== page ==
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Opinions of Wednesday, 25 April 2012

Columnist: Amoah, Anthony Kwaku

Blame Accra Cholera Outbreaks On Poor Sanitation

By Anthony Kwaku Amoah

“A total of 68 persons died of cholera within the Accra Metropolis between 2006 and 2011. While 40 people died from the disease last year, 17 people have so far died this year”-reports The Finder (Tuesday, April 17, 2012, pg 3).
Elaborating the dreadful report, Accra Metropolitan Assembly (AMA) boss Alfred Okoe Vanderpuije says: “So far, 826 cases have been reported from 12 public health facilities with 17 deaths as at April 13, 2012 and the cases continue to rise every week.”
According to Accra Metropolitan Health Director Dr John B.K. Yabani, the situation is really alarming, and therefore, calls for the concerted effort of all to tackle.
The query now is, why is this disease so widespread in Accra than any other area? The city is too congested and dirty. Surprisingly, rural areas appear rather neater and disease-free than our cities are.
Anytime I visit the village, I feel better compared to Accra. I enjoy every bit of life there. I eat fresh fruits and vegetables, move about freely without any traffic jams, and sleep well. The only thing which may incite the rural folk to give city life a try is education and employment.
Aside the dangers with consuming foods on sale near choked gutters and garbage, the stench from these dirty places is even more than enough to expose an individual to diseases. Heaps of human excreta and other debris continue to engulf the city and serve as havens for germs.
It was therefore no news to most of us when the Accra Mayor recently mentioned Maamobi, Nima, Kotobabi, Pig Farm, Accra New Town, Kanda, Chorkor, Korle-Gonno, Sukura, Sabon Zongo, Darkuma, Mataheko and Laterbiokorshie as cholera epidemic areas in the city. These are areas well-known to have feebly managed their wastes. There are bad or no drains, toilet facilities and refuse dumps hence forcing people to defecate and throw away refuse anywhere at all.
Though Mr. Vanderpuije has informed that: “The assembly (AMA) has been able to desilt 600 cubic meters of silt and garbage from the Odaw River to the Onyesi drain,” I still see them as major threats to public health in the city. In fact, they are an eyesore to the integrity of Accra.
This cholera epidemic may get worsened should individuals continue to treat the environment with impunity. Proper education and sanctions are necessary for any meaningful attitudinal change of people.
Government must also ensure that facilities like markets, public toilets, drains and incinerators are provided for use. Homes must be encouraged to have their own toilets. Food vendors in schools, markets and other institutions must be regularly inspected to keep to standards. To this end, institutions like the Environmental Health and Sanitation Department, ZoomLion Ghana Limited, the Ghana Standards Board and the Food and Drugs Board must be well resourced and motivated to effectively deliver on their mandates. They must be legally empowered to prosecute notorious offenders.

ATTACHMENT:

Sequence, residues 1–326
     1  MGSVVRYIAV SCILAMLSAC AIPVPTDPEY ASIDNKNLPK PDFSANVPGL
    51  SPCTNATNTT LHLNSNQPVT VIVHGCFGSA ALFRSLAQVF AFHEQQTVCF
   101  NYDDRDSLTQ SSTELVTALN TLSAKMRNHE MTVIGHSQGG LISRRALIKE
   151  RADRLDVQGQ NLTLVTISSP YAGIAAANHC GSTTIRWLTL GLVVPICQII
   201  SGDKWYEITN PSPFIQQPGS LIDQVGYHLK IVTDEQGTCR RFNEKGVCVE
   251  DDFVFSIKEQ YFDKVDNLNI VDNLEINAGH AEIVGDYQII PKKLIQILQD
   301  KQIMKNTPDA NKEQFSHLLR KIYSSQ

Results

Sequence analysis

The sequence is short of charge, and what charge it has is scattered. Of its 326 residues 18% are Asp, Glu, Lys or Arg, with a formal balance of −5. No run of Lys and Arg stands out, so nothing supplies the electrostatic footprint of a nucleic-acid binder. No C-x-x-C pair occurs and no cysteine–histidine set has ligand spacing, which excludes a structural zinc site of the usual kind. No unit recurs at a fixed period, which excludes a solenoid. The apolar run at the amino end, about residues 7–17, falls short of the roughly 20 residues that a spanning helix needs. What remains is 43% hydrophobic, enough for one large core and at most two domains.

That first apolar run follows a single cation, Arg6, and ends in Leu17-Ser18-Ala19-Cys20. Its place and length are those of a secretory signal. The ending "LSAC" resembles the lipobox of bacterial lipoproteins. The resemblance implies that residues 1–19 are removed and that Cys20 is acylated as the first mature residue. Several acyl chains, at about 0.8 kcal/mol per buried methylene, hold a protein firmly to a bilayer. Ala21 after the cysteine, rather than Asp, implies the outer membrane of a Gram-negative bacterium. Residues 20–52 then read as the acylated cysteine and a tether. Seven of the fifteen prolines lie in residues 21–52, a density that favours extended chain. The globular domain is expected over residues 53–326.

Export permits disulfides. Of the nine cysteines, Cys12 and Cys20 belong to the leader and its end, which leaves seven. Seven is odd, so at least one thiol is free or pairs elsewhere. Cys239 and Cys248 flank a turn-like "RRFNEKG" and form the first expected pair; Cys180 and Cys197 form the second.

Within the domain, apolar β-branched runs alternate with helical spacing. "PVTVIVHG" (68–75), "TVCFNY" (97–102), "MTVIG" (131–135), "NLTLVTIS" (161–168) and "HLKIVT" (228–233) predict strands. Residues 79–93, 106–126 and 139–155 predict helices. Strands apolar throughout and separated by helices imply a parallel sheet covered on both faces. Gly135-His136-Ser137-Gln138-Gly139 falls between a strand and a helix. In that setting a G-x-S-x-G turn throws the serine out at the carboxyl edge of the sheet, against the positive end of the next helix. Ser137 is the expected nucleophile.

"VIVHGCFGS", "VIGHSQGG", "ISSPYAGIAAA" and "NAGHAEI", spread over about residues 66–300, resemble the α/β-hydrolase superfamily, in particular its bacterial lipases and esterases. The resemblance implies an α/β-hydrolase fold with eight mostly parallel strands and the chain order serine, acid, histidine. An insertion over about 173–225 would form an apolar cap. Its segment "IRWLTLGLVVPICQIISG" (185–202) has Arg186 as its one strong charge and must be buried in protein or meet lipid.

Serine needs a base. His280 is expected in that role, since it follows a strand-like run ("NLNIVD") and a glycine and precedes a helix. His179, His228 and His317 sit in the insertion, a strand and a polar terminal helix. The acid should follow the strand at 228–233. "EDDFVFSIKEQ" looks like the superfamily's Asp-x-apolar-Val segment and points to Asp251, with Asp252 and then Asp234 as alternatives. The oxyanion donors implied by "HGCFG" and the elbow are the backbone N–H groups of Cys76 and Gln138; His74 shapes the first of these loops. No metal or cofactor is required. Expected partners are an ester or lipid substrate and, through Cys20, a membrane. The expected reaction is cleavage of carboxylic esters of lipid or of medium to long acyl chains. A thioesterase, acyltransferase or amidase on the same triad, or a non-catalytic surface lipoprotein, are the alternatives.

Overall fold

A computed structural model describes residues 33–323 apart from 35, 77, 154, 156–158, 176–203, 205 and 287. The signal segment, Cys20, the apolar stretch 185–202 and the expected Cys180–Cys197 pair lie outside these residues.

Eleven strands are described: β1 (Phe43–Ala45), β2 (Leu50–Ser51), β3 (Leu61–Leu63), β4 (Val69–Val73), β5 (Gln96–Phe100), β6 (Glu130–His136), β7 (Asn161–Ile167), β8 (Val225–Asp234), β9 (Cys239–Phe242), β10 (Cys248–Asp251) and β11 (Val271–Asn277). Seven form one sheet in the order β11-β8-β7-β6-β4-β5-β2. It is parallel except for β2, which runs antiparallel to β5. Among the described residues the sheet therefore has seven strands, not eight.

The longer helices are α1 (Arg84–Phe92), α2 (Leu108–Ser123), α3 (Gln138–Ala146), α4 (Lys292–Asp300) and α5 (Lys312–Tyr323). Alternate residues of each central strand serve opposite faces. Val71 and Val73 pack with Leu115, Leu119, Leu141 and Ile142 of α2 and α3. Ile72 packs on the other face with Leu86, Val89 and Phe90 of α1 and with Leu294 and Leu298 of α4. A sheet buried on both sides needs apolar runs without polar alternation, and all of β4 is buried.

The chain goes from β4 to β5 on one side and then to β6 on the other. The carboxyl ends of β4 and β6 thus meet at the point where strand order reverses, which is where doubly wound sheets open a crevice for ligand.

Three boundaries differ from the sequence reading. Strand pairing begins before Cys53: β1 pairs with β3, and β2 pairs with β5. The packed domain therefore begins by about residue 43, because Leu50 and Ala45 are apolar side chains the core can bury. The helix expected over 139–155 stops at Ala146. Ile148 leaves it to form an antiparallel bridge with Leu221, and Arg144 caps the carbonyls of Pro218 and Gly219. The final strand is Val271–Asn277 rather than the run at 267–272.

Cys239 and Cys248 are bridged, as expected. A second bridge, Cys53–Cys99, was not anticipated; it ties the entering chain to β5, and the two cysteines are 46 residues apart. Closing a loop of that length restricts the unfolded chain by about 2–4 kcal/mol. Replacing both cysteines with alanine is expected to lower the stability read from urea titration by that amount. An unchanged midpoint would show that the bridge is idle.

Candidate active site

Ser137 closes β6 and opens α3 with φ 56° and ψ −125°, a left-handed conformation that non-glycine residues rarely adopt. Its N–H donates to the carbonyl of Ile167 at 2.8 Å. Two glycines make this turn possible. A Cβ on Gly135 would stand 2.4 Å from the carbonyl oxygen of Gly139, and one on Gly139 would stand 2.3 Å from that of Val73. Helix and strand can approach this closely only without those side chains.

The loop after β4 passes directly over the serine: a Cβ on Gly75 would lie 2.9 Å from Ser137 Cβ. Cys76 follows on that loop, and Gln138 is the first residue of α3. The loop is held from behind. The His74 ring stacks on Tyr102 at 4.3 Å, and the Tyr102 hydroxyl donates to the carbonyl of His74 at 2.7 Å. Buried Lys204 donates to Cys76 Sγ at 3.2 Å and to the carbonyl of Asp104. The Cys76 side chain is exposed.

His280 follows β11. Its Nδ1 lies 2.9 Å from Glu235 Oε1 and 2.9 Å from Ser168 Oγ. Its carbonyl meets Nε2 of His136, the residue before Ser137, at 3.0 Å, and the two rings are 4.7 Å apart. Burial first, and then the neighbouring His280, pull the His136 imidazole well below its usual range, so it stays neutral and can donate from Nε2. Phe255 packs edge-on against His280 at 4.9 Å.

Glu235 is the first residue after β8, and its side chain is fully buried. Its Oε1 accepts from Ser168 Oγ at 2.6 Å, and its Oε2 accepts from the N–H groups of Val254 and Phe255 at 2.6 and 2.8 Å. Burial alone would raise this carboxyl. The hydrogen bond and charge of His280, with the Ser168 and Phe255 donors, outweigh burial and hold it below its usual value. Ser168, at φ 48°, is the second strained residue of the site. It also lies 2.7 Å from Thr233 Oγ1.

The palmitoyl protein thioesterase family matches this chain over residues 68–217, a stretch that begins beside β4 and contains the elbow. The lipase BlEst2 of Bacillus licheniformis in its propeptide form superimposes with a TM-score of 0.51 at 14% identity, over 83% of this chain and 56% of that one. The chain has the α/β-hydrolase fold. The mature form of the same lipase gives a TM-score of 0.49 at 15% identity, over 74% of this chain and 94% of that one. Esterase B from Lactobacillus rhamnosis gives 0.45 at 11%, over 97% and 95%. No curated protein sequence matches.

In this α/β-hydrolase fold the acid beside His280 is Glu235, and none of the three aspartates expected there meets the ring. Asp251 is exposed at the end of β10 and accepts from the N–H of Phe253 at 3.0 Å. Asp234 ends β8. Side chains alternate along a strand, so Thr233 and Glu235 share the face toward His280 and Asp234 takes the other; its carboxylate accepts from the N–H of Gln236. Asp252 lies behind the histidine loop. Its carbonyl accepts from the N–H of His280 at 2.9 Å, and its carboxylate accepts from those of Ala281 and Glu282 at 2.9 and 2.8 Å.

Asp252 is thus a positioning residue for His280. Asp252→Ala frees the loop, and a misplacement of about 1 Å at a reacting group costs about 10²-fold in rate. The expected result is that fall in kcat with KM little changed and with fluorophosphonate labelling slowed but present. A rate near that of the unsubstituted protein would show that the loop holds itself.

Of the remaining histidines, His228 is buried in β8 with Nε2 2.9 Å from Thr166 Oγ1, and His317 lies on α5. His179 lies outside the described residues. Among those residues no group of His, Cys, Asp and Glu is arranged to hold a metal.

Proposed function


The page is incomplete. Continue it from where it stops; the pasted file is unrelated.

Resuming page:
Schools should continue to imbibe in pupils the importance of good hygiene. The hand-washing-with-soap campaign should be intensified. Pupils should be made to extend whatever knowledge they acquire in school to parents, guardians and others who are ignorant. Let me use this medium to commend the West African Examinations Council (WAEC) for using cholera as the comprehension passage for this year’s English Language paper of the Basic Education Certificate Examination. It has demonstrated the system’s determination to battle cholera through education.
In some rural settings, due to lack of public toilet facilities, many folks are compelled to share these facilities with community schools which have them. Usually, these amenities are collectively used but badly maintained. Some resort to the use of unapproved areas in communities as their places of convenience.
There is the need for the various district, municipal and metropolitan assemblies to construct more toilet facilities in communities. Meanwhile, communities themselves can also mobilize funds and resources to build their own facilities. For any community to continue to exist, members are supposed to place premium on good health and sanitation by ensuring that useful amenities like toilet facilities are made available and accessible to all for use.
To stay away from cholera, good personal and environmental hygiene is necessary. One must avoid buying and eating food anywhere, any how. Hands must be washed very well with soap before eating. Whatever food one wants to consume must be clean, hot, and balanced.

My advice is for us to avoid the tendency to resort to self medication whenever an ill-health is felt. Effective contact with a personal doctor is always important. Let’s not forget that a nation can only develop if its citizens are healthy and strong. Ghana is on a serious path of development. It, therefore, cannot afford to continue to lose its cherished, dynamic citizens through avoidable ailments, like cholera.

The time to rise and fight this life enemy called cholera is, therefore, NOW!